Fasting May Reduce Your Risk For CAD

Foregoing food for a day each month stood out
among other religious practices in members of
the Church of Jesus Christ of Latter-Day Saints
(LDS or Mormons), who have lower rates of heart
dis-ease than other Americans, researchers reported
at the American Heart Association’s Scientific
Sessions 2007.

“People who fast seem to receive a heart-protective
benefit, and this appeared to also hold true in
non-LDS people who fast as part of a health-conscious
lifestyle,” said Benjamin D. Horne, Ph.D., M.P.H.,
study author and director of cardiovascular and
genetic epidemiology at Intermountain Medical Center
and adjunct assistant professor of biomedical
informatics at the University of Utah in
Salt Lake City.

In the 1970s, scientists recognized that
Latter-Day Saints (LDS) in Utah are less likely
to die of heart dis-ease than other Utah residents
and Americans overall. The religious prohibition
against tobacco use is usually credited for the
health benefit, but researchers wondered whether
other religious teachings also may be important.

Researchers first examined the records of the
Intermountain Heart Collaborative Study registry
comprised of patients who had undergone coronary
angiography, an X-ray examination of the blood
vessels of the heart to look for blockages,
between 1994 and 2002. Of those patients, 4,629
men and women, average age 64, could clearly be
diagnosed either with coronary artery disease
(CAD) — which is at least 70 percent narrowing or
blockage detected in at least one artery, or as
free of significant CAD — less than 10 percent
narrowing or blockage. As expected, CAD was less
prevalent in patients who identified their religious
preference as LDS than those who stated another or
no religious preference. Sixty-one percent of LDS
members had CAD versus 66 percent of others.

“When we adjusted for smoking, or looked just at
the nonsmokers, we still found a lower rate of
CAD in people having an LDS religious preference,”
Horne said. “We thought this was very interesting,
so we devised a survey about other behaviors
associated with LDS that might bring a health benefit.”

In the second part of the study, 515 patients
(average age 64) who underwent coronary angiography
between 2004 and 2006, completed a survey that
included religious preference as well as several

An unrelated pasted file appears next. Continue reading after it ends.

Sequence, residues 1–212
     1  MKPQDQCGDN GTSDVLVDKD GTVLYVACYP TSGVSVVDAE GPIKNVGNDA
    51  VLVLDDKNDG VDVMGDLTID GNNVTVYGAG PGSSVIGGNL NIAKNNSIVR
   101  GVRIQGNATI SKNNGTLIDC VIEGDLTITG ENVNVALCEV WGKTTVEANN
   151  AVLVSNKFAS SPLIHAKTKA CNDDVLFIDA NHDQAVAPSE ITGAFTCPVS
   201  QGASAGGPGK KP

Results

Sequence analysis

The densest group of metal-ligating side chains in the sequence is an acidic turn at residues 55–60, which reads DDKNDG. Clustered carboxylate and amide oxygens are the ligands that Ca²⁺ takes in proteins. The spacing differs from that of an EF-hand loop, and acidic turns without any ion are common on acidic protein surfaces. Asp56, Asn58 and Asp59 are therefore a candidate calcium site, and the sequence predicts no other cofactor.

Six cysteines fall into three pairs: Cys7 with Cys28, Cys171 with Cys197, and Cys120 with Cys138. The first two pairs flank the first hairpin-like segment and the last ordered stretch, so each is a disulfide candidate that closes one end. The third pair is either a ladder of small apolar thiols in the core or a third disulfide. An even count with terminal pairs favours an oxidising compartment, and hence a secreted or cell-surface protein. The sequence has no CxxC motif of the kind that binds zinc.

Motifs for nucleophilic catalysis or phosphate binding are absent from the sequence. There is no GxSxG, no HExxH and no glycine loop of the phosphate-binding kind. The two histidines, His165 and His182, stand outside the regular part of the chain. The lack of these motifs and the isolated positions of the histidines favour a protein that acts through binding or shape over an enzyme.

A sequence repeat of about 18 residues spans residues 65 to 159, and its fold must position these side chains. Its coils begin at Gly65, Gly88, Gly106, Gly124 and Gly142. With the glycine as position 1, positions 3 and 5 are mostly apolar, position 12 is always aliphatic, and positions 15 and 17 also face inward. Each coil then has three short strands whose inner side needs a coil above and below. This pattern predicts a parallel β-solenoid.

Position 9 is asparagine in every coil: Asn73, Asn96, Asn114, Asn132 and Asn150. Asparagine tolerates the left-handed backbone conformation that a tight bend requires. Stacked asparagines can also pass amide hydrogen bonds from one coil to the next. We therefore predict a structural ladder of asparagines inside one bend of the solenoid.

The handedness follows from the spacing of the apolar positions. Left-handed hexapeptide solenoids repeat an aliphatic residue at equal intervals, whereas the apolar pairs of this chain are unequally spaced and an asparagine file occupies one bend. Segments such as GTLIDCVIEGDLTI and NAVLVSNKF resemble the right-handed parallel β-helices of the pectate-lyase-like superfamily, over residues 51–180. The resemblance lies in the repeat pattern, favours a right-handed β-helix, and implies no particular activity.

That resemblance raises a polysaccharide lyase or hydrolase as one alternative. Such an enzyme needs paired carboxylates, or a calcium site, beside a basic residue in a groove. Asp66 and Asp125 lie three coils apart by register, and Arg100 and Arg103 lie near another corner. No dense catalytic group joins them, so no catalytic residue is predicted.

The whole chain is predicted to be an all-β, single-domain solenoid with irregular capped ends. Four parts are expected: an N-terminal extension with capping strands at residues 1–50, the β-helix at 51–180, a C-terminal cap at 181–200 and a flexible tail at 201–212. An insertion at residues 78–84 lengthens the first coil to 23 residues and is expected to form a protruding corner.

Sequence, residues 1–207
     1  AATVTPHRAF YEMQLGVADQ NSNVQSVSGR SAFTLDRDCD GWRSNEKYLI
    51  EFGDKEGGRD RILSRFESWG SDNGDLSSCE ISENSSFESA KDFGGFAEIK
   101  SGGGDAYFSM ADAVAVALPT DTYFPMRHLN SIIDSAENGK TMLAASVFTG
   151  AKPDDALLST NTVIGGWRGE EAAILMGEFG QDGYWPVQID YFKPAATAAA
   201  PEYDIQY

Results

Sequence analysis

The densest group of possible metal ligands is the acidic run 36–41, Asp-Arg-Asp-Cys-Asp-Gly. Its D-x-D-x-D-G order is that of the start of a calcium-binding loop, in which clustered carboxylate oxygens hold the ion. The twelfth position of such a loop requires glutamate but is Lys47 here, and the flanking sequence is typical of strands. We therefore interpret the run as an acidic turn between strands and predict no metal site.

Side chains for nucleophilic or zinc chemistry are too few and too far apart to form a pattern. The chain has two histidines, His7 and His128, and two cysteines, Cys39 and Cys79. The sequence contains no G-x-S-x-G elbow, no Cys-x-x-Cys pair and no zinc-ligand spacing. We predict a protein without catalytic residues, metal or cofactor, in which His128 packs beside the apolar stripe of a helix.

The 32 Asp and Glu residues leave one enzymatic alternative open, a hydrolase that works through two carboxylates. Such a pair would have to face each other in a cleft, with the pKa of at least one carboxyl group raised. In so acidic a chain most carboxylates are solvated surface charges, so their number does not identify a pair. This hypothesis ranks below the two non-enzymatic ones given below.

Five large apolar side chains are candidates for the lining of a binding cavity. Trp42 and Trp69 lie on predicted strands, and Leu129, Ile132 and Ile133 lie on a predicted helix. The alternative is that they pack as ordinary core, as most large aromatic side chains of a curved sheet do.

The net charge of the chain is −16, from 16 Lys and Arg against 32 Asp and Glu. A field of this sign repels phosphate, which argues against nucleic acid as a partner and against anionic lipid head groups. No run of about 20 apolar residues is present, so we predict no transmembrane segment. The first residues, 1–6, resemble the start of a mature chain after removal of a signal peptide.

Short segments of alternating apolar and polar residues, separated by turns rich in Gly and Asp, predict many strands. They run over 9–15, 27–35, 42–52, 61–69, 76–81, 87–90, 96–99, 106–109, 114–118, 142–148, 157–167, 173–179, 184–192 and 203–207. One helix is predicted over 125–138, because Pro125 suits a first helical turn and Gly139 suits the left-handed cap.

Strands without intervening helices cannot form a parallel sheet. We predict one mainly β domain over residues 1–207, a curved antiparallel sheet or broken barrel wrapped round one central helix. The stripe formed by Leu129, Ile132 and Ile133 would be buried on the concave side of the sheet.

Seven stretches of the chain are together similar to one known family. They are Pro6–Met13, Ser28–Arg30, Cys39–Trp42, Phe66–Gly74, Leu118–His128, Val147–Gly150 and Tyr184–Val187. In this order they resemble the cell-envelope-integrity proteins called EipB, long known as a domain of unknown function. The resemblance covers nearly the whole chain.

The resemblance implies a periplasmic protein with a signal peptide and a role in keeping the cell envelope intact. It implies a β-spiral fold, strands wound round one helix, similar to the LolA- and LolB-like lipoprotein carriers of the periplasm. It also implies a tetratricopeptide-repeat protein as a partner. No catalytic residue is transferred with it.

specific practices encouraged by the LDS church:
not smoking; fasting (abstaining from food and
drink for two consecutive meals); not drinking tea,
coffee or alcohol; observing a weekly day of rest;
attending worship services; and donating time,
goods or money to charity.

Of this group, those who fasted were significantly
less likely to be diagnosed with CAD (59 percent
had 70 percent or greater blockage) than those who
did not fast (67 percent had 70 percent or greater
blockage).

“Fasting was the strongest predictor of lower heart
disease risk in the people we surveyed. About 8
percent of the people who fasted did not express
an LDS religious preference, and they also had
less coronary disease,” Horne said.

Patients who did not drink tea were also less
likely to be diagnosed with CAD, but once fasting
was considered the finding wasn’t significant,
Horne noted.

Fasting was associated with lower odds of being
diagnosed with CAD by 39 percent. When the researchers
compared only those diagnosed with CAD with those
who had minimal or no coronary disease (less
than 10 percent blockage), the impact of fasting
was even more striking, with the odds of a CAD
diagnosis being lower by 45 percent.

“When you abstain from food for 24 hours or so,
it reduces the constant exposure of the body to
foods and glucose,” he said. “One of the major
problems in the development of the metabolic
syndrome and the pathway to diabetes is that
the insulin-producing beta cells become
desensitized. Routine fasting may allow them to
resensitize — to reset to a baseline level so
they work better.”

The researchers looked separately at people
with diabetes, who are not encouraged to skip
meals, and found the same association of
fasting and healthier arteries in both those
with diabetes and those without diabetes.

“One exciting thing is that the study could
be replicated in the general population and
in other locations in the United States,
including people without an LDS preference
who fast for various philosophical or health
reasons,” Horne said.

The study is limited because it is not a
randomized or controlled trial, and it only
includes people who had sufficient symptoms
to undergo coronary angiography, the gold
standard assessment for CAD. Also, there
could be other factors associated with
fasting that are the actual causes of the
reduced degree of coronary stenosis seen
in this study.

“Bottom line when you reduce an acidic lifestyle
and diet you simply reduce your risk for CAD,
and when you eliminate an acidic lifestyle and
diet you eliminate your risk for CAD,”
according to Dr. Robert O. Young, a research
scientist at the pH Miracle Living Center.

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